I feel so guilty for having waited so long to try to have a baby. I can't help wondering if something I did when I was in my 20s is the reason why I can't get pregnant now. My husband really wants kids, and I feel like I'm letting him down and that he is disappointed in me. My husband has started talking about taking a break from all of this treatment. He said he doesn't like what this is doing to me emotionally and physically and thinks that a break might help. I worry that if we take a break I will feel like I am being lazy and just expecting to get pregnant without putting any work into it. But maybe it would be best, even for a couple of months. Every month just seems so precious!
Gail, age 36
What matters most to you?
Your personal feelings are just as important as the medical facts. Think about what matters most to you in this decision, and show how you feel about the following statements.
Reasons to have infertility treatment
Reasons not to have infertility treatment
Having a biological child is very important to me.
I need to think about how important having a biological child is to me.
I'm not concerned about the cost of infertility treatment.
I'm worried about how I will pay for treatment.
I think I can handle the emotional stress of treatment.
I'm not sure I can handle the stress of treatment.
I accept that I may not get pregnant even with treatment.
I don't want to have treatment if I might not get pregnant.
My other important reasons:
My other important reasons:
Where are you leaning now?
Now that you've thought about the facts and your feelings, you may have a general idea of where you stand on this decision. Show which way you are leaning right now.
Having infertility treatment
NOT having infertility treatment
What else do you need to make your decision?
Check the facts
Does having infertility treatment guarantee that you will deliver a baby?
- YesNo, that's wrong. Infertility treatment does not guarantee that you will have a baby.
- NoYou're right. Infertility treatment does not guarantee that you will have a baby.
- I'm not sureIt may help to go back and read "Key points to remember." Infertility treatment does not guarantee that you will have a baby.
Can infertility treatment increase your chances of getting pregnant with more than one baby at a time?
- YesYou're right. Infertility treatments can increase your chances of getting pregnant. But they also increase your chance of having more than one baby at a time.
- NoSorry, that's not right. Infertility treatments can increase your chances of getting pregnant. But they also increase your chance of having more than one baby at a time.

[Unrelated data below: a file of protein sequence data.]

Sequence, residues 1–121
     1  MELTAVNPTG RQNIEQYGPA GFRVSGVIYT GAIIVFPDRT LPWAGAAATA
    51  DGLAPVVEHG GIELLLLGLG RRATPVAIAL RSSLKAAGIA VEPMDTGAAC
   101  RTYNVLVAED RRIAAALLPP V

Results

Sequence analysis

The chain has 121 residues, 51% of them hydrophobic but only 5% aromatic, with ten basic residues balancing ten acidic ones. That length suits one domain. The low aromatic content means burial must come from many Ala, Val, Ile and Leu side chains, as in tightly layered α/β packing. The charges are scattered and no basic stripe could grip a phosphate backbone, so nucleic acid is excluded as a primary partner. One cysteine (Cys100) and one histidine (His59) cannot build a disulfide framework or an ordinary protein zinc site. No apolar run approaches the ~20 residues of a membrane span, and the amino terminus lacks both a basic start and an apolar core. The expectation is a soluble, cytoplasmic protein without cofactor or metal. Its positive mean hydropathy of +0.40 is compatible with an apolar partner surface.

- I'm not sureIt may help to go back and read "What else do you need to know about fertility treatments?" The treatments can increase your chances of getting pregnant. But they also raise your chance of having more than one baby at a time.
If you decide to start treatment, is it important to know how far you are willing to go with it before you get started?
- YesYou're right. If you decide to have treatment, you should define your limits before you start. Talk with your partner about how long you want to use medical help to try to have a baby.
- NoSorry, that's not right. If you decide to have treatment, you should define your limits before you start. Talk with your partner about how long you want to use medical help to try to have a baby.
- I'm not sureIt may help to go back and read "What else do you need to know about fertility treatments?" If you decide to have treatment, talk with your partner and define your limits before you start.
Decide what's next
Do you understand the options available to you?
Are you clear about which benefits and side effects matter most to you?
Do you have enough support and advice from others to make a choice?
How sure do you feel right now about your decision?
Use the following space to list questions, concerns, and next steps.
Here's a record of your answers. You can use it to talk with your doctor or loved ones about your decision.
|Primary Medical Reviewer||Sarah Marshall, MD - Family Medicine|
|Specialist Medical Reviewer||Femi Olatunbosun, MB, FRCSC - Obstetrics and Gynecology|
- Fritz MA, Speroff L (2011). Female infertility. In Clinical Gynecologic Endocrinology and Infertility, 8th ed., pp. 1137–1190. Philadelphia: Lippincott Williams and Wilkins.
- Lobo RA (2007). Infertility: Etiology, diagnostic evaluation, management, prognosis. In VL Katz et al., eds., Comprehensive Gynecology, 5th ed., pp. 1001–1037. Philadelphia: Mosby.
Last Updated:December 7, 2011